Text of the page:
The key to retaining rising women leaders in the public accounting field is for companies to stay flexible.
As more women who have children enter the field, firms are showing more of a willingness to be accommodating and offer opportunities for adjustable schedules, said Maureen Thomson, a CPA, CVA, and CFFA, and manager of special services at Concannon Miller & Co. PC of Bethlehem.
“Otherwise, I think women are a little discouraged to go back. Right now, with technology, it’s a lot easier and I think firms can identify the value of that flexibility.”
One reason women and men leave the profession is the initial burn-out period that often accompanies auditing – but auditing is just one aspect of the accounting field, said Thomson.
As an accountant who specializes in forensic accounting and business valuation, Thomson said she is never working on the same thing every day and finds herself using more critical thinking skills.
“It’s kind of like solving a puzzle,” said Thomson.
Thomson, who works at a firm that has about 100 employees, has seen a lot more women entering the field. She said that a few decades ago it was more of a male-dominated field. But today, women comprise closer to 50 percent of employees at many accounting firms.
The number of female accountants has risen as a whole in Pennsylvania, according to Michael Colgan, executive director and CEO of the Philadelphia-based Pennsylvania Institute of Certified Public Accountants (PICPA).
A little more than 30 percent of the organization’s members are women, said Colgan. According to PICPA membership figures, the number of women in the accounting field rose about 43 percent compared to 10 years ago.
In total, this translates to more than 6,500 women out of 21,000 members throughout the state, said Colgan. In 2009, the organization had about 5,700 women in the profession, a figure that rose to 6,500 in 2012.
In the Lehigh Valley, about 30.7 percent or 277 of the PICPA members are women out of a total of 902 members, said Colgan.
In student groups in the Lehigh Valley, the numbers are closer to 50/50, said Colgan.
Younger demographics enjoy greater flexibility with work hours and telecommuting… and technology has a huge impact, said Colgan.
“More women are looking at accounting as a viable career opportunity,” said Colgan.
It’s a field that’s expected to grow, with 200,000 new jobs to be created in the accounting field on the national level over the next 10 years.
The growth is partly due to the diversity of positions that accounting offers, including education, government and industry sectors of the economy.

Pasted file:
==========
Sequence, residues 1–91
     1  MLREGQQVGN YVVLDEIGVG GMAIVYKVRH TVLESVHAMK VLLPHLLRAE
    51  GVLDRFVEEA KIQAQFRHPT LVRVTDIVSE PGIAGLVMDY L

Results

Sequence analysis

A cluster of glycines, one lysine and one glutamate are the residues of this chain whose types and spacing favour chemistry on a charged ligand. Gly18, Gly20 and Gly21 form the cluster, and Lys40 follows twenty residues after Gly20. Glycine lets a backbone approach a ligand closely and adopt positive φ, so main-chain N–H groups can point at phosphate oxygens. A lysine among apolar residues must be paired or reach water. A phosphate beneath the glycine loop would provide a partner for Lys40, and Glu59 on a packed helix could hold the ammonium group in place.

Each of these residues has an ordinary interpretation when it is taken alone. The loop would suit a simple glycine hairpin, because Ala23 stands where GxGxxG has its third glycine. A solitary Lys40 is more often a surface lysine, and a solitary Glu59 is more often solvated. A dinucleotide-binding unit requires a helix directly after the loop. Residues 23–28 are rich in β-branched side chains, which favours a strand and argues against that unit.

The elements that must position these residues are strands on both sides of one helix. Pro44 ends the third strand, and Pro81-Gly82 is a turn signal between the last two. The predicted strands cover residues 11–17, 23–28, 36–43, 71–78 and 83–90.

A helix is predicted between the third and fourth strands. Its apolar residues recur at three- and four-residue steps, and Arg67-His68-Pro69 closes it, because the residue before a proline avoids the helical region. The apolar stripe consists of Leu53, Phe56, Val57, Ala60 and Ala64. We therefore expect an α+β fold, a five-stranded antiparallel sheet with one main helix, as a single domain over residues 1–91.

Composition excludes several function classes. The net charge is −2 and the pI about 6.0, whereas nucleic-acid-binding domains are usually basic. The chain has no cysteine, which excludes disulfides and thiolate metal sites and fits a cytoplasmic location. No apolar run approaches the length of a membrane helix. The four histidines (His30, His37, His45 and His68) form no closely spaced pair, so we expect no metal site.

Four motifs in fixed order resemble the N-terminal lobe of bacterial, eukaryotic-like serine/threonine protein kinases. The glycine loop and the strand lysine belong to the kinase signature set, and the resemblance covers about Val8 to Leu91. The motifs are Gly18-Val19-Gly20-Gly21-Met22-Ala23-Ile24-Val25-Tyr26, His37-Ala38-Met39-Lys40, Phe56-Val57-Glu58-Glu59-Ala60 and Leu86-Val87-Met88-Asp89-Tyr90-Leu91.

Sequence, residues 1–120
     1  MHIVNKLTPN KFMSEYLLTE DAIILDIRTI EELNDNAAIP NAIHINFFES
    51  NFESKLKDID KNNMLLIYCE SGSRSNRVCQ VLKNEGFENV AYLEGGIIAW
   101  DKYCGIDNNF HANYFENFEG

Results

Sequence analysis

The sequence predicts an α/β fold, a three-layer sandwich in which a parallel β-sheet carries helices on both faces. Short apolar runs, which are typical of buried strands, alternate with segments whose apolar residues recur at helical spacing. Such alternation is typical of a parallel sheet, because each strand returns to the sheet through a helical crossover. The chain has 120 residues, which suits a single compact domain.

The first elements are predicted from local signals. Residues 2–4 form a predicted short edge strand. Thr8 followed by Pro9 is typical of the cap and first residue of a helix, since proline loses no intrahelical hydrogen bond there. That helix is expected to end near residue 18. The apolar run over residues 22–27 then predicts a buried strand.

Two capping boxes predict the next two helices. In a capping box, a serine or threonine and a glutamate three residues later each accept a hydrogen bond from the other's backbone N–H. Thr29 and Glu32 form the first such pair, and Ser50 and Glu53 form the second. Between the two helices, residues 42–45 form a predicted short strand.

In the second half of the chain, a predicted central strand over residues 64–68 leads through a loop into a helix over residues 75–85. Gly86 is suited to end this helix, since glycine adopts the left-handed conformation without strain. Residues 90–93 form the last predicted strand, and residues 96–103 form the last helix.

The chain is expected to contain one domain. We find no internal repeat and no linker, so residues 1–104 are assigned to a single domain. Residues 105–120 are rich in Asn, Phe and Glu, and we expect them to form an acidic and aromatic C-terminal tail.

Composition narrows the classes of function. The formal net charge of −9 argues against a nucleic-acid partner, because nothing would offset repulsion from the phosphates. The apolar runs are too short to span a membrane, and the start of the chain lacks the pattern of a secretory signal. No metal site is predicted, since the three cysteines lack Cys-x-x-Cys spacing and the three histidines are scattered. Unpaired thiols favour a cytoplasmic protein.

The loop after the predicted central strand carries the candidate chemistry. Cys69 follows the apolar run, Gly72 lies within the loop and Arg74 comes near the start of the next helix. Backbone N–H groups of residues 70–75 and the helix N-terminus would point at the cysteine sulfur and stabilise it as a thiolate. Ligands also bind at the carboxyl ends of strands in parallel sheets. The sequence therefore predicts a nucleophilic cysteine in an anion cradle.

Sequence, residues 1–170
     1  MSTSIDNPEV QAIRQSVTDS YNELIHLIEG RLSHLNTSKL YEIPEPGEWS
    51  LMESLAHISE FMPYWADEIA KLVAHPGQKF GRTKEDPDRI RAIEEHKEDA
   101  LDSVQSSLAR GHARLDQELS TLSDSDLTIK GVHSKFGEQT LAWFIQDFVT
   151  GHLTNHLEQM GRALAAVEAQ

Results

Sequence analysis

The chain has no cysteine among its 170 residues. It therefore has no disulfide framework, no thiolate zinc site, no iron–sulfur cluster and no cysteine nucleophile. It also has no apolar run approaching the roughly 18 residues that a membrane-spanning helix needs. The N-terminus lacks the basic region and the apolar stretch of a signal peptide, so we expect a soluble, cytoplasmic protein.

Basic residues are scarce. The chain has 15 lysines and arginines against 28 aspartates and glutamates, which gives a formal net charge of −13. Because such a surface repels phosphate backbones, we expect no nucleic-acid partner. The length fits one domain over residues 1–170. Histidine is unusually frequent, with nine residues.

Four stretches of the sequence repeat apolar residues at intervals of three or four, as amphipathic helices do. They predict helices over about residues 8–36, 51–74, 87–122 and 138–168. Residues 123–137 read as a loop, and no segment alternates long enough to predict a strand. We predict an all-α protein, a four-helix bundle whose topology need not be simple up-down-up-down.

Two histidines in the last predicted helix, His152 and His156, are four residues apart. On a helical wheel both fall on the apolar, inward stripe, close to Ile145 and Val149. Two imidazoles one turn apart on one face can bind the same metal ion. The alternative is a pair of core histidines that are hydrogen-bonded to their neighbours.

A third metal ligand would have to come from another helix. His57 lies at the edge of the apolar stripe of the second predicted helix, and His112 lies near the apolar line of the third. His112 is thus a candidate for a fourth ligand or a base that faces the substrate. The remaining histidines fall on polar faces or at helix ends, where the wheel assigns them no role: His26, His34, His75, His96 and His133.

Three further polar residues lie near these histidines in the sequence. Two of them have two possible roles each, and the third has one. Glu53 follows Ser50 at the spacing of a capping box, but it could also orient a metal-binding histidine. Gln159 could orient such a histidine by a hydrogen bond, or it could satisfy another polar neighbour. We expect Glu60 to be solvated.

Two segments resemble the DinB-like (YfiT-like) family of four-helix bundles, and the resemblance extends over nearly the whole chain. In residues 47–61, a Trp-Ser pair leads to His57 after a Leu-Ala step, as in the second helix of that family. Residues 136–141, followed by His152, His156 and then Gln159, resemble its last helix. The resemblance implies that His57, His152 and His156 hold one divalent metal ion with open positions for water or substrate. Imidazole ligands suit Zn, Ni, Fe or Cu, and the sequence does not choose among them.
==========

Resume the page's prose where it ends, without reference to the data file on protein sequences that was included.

When Denise Hozza started working as an accountant about 13 years ago, she had three small children and worked in the audit field. During the summers, she had more flexibility to be with her children. She’s now a senior manager at Concannon Miller, as well as a certified public accountant and certified valuation analyst – and she has more flexibility in choosing her hours.
“Our work doesn’t stop during tax season at all,” said Hozza. “We often work from home.”
She enjoys having this flexibility and believes this is the key to retaining women in the accounting field.
In the public accounting field however, it can be difficult to keep people during the child-rearing years, said Loretta Tubiello-Harr, CPA/ABV, CVA and principal of Tubiello-Harr & Associates LLC of Coopersburg.
“We lose a lot of women in the public accounting field,” said Tubiello-Harr. “In the world of technology, it helps, but the issue is the deadlines that are driven by the IRS or the banks, it’s very difficult to not get some individuals working overtime.”
Tubiello-Harr has 10 employees at her firm; all but two are women.
Since women are often the caregivers, what tends to happens in the certified public accounting arena is that they stay until they get certified and then go work in a field that’s more nine to five until the child-rearing years are over, said Tubiello-Harr.
However, when that happens, when they re-enter the field, you find less and less women as partners because they’ve missed that time, she said.
“As a woman, you really have to prove yourself,” said Cheri Hutchinson Freeh, CPA, CGMA and principal of Hutchinson, Gillahan & Freeh PC of Quakertown. “The good old boys club still exists.”
She remembers a time when she had a playpen in her office and brought her young children to work.
Now, as a partner, she said her company strives to be family-friendly and her staff has 13 people, including herself and two partners.
As the immediate past president of PICPA, Freeh said she remembers a time during her lengthy accounting career where she hit a wall.
But serving on boards and doing volunteer work for nonprofits can help women gain a sense of accomplishment and serve them well in their careers, she added.
“What I found for myself is don’t give up – and stay focused,” said Freeh.